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Q4 market outlook: Will stocks rebound?

Oct. 16, 2023

Most investors were glad to see the third quarter come to an end. Ultimately, markets gave way to weaker historical patterns and stocks moved lower due to persistently high interest rates and a challenging investment environment.

Overall, Q3 left investors in a sour mood. While it’s understandable why investors may let this pessimism seep into Q4 — there’s also substantial reason for optimism as the final quarter begins. Here’s a breakdown of headwinds and tailwinds, as well as our outlook for stocks in Q4:

Headwinds moving into Q4

After the S&P 500 Index hit its closing year-to-date high of 4,589 on July 31, stocks quickly spent the rest of Q3 moving lower. September — a month notorious for its historically poor market performance —  lived up to its negative reputation due to the following factors:

Stubbornly tight monetary policy impedes economic activity

The standout items that moved markets lower in Q3 centered around generally hawkish commentary from global central banks and, specifically, a higher-for-longer rate message from the Federal Reserve. Notably, fewer rate cuts projected in 2024 currently have investors starting to believe the Fed could turn the economy into a recession despite growing evidence that inflation is indeed cooling and economic activity is normalizing. We believe backward-looking data on business and consumer trends could complicate the Fed's policy trajectory. Given the recent backup in interest rates, elevated recession risks, corporate earnings crosscurrents and forecasts for weaker economic activity in Q4, a well-diversified/slightly defensive portfolio approach remains prudent for most tactical investors, in our view.

Challenging external environment continues

The investment landscape is clouded by stubbornly tight monetary policy, higher energy prices and weakening consumer trends. Plus, the resumption of student loan payments, an ongoing United Auto Workers strike and a potential government shutdown in November complicates the picture.

Tailwinds moving into Q4

While the above headwinds are unlikely to fade away at the start of Q4, there are reasons to remain constructive as the year winds down. Here’s the case for a strong Q4:

Seasonality factors are favorable for markets

Stocks are higher year-to-date and tend to finish positively in the final quarter when up this late in the year. In addition, seasonality factors should improve as the year ends, economic fundamentals remain sound and earnings growth is trending higher. Stocks entered October oversold. The push higher in interest rates has acted like a wet blanket on risk sentiment, and there are few identifiable near-term catalysts (outside of rates stabilizing) to incentivize the bulls off the sidelines. The Q3 earnings season could be one catalyst, but outlooks must remain constructive for the fourth quarter, which carries some downside risks. Until government bond yields stop moving higher and possibly see some mean reversion back lower, we believe stocks are susceptible to further selling pressure over the near term.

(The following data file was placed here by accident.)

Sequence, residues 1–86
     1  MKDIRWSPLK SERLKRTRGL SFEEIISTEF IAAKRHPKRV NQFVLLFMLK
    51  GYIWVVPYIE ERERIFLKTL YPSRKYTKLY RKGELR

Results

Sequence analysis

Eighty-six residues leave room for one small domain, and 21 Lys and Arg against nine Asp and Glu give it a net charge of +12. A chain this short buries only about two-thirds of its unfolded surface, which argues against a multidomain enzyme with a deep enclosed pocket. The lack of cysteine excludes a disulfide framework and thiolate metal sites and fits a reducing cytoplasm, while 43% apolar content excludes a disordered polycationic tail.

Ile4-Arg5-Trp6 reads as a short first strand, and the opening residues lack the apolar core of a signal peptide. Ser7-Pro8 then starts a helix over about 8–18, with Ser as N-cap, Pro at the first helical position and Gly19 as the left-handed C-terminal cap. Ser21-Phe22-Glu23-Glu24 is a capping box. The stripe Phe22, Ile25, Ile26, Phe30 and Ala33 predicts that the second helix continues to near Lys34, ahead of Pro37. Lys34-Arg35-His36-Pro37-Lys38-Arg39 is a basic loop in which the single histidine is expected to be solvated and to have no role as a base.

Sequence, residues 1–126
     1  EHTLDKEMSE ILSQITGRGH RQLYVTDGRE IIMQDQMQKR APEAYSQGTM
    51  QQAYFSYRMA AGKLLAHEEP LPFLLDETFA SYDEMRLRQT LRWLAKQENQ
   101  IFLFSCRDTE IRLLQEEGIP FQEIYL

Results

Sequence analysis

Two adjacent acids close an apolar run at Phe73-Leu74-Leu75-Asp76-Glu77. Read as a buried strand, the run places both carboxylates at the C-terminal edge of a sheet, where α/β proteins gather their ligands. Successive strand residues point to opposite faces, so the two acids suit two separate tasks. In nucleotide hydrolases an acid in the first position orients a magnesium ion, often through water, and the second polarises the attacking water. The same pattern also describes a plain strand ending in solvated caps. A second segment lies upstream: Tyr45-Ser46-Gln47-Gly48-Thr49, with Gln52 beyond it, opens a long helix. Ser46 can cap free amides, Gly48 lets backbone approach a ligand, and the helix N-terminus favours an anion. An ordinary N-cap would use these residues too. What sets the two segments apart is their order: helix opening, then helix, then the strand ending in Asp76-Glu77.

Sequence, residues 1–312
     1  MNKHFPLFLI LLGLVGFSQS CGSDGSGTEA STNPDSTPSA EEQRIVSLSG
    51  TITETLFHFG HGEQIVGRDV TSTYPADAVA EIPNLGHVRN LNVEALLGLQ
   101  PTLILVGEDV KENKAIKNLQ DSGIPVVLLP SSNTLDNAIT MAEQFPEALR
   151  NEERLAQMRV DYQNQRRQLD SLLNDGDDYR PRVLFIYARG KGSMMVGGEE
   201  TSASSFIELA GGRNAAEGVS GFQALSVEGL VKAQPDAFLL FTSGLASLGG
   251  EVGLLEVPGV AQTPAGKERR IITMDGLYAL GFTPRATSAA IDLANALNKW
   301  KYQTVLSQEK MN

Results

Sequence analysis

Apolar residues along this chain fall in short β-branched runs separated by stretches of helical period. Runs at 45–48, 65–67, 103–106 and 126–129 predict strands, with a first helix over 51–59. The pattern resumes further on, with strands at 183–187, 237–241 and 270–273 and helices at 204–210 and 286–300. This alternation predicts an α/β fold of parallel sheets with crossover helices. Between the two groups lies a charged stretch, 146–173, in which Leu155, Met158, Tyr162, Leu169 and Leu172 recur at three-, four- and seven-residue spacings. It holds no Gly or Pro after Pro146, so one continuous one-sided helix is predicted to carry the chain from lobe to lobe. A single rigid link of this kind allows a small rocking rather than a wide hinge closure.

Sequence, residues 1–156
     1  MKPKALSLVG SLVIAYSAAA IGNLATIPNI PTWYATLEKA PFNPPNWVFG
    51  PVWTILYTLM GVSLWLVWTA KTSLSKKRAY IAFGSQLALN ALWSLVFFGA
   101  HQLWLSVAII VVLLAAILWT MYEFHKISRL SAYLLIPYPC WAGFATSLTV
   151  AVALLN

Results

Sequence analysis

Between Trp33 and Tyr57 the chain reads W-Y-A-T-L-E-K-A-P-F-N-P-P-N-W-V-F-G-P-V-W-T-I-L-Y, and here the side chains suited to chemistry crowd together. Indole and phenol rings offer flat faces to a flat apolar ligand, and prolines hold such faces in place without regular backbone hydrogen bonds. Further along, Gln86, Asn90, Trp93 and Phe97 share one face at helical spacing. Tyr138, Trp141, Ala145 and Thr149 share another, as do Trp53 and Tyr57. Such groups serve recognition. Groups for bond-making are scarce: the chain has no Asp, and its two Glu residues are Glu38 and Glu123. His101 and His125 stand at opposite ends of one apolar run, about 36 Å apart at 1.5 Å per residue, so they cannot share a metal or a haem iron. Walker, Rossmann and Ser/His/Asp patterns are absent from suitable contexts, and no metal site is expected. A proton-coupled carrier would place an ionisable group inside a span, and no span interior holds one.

Core inflation is improving

Core inflation metrics should trend lower in the fourth quarter, particularly for shelter costs, which are over 40% of the core Consumer Price Index. In our view, jobs should remain steady, and while we project spending patterns and economic growth to slow in the current quarter, it should remain positive.

Bearish sentiment lays the groundwork for a potential bounce back

Investor sentiment and professional portfolio positioning are very bearish presently, offering contrarian signals to those willing to stay patient and balanced. Notably, bond yields have quickly soared higher and stocks are technically oversold. Thus, stock and bond prices could be in store for a bounce higher sometime in Q4 if Fed messaging begins to sound less hawkish and earnings conditions do not disappoint expectations. For now, we believe a smart path forward for investors is to stay the course and avoid deviating from a well-established investment strategy. In our view, the next few months should provide more clarity on rate policy, economic conditions and earnings trends, which could help establish an investment roadmap heading into 2024.

Simply put, stocks are not taking too kindly to higher rates as the quarter kicks off. While it's difficult to time, and we won't pretend to know when markets will mean-revert, large spikes in rates and pressure across stocks should eventually subside. This could bring stock and bond buyers back into the market, which could help stabilize prices, even if it is just a temporary condition through year-end.